Back in my basement abode, I deal with the issues plaguing my family. They are small inconveniences if anything (my daughter has lost her doll, my son needs a book for school), but these early predicaments prove both satisfactory and foretelling of greater problems to come. Beholder is at its best when juggling different concepts at once: as a moral balancing act, a time-obsessed historic document, a situational tragic irony.
Soon my daughter becomes sick. She needs aspirin, so I wait until night time to purchase some from the mysterious backdoor salesman outside the complex. The medicine helps, for a while, and completing the task feels like a successful venture. Like checking off a to-do list, which ironically simultaneously undermines and strengthens the game’s emotional goal.
The numerous tasks players are given throughout overwhelm them at nearly every moment, causing a disconnect between empathy and workmanship. The player’s ultimate goal then becomes to consider how important the sanctity of their conscious humanity means to them. Like Papers, Please before it, Beholder serves as an interactive fictional rendering of the dehumanization process inherent within industrial corporations. A morality play influenced by Marxist idealism, which is heavily indebted to its primary influences, but ultimately held back by the more complex system management.
My son needs books for school. They’re expensive, so I ask the professor in Apartment 2 if he could help. He owns the necessary texts and agrees, in return for a promise to overlook his unofficial citizenship. Fortunately, Beholder allows the ability for players to change their benevolent minds. I retain this info for future use, if at all necessary.
Meanwhile, my daughter’s sickness has grown more intense, and my wife and I agree she needs to see a doctor. The prognosis demands an expensive surgery, and I am $15,000 short. Action is now necessary. Being a good neighbor no longer applies.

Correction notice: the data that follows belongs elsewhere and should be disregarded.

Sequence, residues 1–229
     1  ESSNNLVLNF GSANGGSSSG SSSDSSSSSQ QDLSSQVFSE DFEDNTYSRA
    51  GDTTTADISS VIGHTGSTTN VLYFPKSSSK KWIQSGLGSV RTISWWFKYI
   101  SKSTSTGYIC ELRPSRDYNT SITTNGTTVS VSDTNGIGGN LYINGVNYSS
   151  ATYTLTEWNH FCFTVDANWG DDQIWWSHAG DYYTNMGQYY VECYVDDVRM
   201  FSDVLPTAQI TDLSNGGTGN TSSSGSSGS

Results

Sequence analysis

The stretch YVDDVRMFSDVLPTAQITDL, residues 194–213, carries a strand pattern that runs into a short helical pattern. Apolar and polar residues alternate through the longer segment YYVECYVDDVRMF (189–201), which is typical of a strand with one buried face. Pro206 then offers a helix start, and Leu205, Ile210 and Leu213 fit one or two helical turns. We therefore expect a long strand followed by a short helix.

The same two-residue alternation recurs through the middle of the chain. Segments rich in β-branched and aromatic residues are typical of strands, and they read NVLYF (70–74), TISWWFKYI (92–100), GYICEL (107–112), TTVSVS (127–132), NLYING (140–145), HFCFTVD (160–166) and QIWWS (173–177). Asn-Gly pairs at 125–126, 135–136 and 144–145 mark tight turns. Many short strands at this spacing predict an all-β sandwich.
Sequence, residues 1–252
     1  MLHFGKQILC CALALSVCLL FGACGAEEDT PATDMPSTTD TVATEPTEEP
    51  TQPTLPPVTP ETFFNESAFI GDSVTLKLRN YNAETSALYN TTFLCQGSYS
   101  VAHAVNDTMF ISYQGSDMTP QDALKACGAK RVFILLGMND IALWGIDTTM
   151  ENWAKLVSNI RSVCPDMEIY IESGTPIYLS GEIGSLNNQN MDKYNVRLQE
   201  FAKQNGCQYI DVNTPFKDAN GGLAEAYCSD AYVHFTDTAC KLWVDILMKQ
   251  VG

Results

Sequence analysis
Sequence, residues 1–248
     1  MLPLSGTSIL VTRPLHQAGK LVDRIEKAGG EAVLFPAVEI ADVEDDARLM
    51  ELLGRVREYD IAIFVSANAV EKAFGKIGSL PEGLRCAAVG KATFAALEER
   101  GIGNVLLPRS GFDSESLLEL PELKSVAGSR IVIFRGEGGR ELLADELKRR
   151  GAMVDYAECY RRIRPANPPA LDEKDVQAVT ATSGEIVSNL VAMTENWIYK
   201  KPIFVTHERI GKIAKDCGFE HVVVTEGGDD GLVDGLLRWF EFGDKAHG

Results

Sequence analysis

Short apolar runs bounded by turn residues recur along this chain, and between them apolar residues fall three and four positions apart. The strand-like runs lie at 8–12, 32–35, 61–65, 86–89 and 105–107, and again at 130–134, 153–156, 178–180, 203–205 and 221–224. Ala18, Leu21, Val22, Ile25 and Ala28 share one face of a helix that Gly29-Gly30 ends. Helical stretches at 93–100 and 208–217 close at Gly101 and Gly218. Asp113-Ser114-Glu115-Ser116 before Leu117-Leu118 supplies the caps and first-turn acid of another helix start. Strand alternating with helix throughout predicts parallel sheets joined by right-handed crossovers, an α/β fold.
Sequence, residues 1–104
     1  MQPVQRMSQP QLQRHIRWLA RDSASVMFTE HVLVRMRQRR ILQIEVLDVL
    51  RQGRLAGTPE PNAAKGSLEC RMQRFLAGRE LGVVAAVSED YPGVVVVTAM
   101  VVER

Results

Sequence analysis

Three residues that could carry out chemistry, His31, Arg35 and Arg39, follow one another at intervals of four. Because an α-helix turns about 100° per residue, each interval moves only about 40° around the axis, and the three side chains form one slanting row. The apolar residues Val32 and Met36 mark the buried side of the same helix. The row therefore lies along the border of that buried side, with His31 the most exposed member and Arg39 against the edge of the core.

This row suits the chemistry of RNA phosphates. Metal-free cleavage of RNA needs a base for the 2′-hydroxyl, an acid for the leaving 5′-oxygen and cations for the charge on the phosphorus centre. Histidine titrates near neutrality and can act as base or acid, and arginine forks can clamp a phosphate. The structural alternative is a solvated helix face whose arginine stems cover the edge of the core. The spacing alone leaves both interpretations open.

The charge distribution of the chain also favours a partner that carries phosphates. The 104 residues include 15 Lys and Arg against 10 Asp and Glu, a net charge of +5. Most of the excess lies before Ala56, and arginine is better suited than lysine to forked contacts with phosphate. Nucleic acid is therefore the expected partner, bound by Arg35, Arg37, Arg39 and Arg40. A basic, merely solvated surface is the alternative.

So I take up stealing. I rob the tenants’ apartments while they are away, tending to their routines. Searching for purses and valuables and everything I can find of some worth, the police inevitably intervene, in a flawed system of punishment similar to the trite ticketing system in Papers, Please. I bribe them using my Reputation Points (which act as a separate form of currency the player loses and gains depending on relationships with the tenants), intent on stockpiling as much money as possible for the sake of my daughter’s health.
I sell the stolen items to the salesman, but it’s not enough. The timer ticks down ceaselessly, a countdown to demise. I hope for the best as it reaches zero, only to find my grieving wife bawling at the sight of our daughter dead on the floor of our room. I try to comfort Anna, but her grief dismisses any future happiness. Unlike its influences, Beholder has allowed me the opportunity to play the role of an impoverished father, working against time to feed his/my family, only to fail.
And that is truly special for this medium. Games often attempt to procure emotional investment in its characters and situations through “player choice,” which is normally undermined by established plot structures. Beholder sidesteps this issue by allowing for numerous outcomes based on decisions the player makes, often ending in tragedy.